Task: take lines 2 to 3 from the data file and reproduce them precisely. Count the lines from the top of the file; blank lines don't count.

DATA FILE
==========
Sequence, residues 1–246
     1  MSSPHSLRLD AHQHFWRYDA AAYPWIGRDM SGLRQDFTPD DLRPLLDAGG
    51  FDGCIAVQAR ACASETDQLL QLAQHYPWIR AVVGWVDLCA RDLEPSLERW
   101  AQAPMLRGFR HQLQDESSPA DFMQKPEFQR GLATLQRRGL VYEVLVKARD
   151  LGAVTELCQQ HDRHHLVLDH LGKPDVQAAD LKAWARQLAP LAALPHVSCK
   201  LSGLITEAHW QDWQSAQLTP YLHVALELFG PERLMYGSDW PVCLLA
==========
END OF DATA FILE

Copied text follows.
     1  MSSPHSLRLD AHQHFWRYDA AAYPWIGRDM SGLRQDFTPD DLRPLLDAGG
    51  FDGCIAVQAR ACASETDQLL QLAQHYPWIR AVVGWVDLCA RDLEPSLERW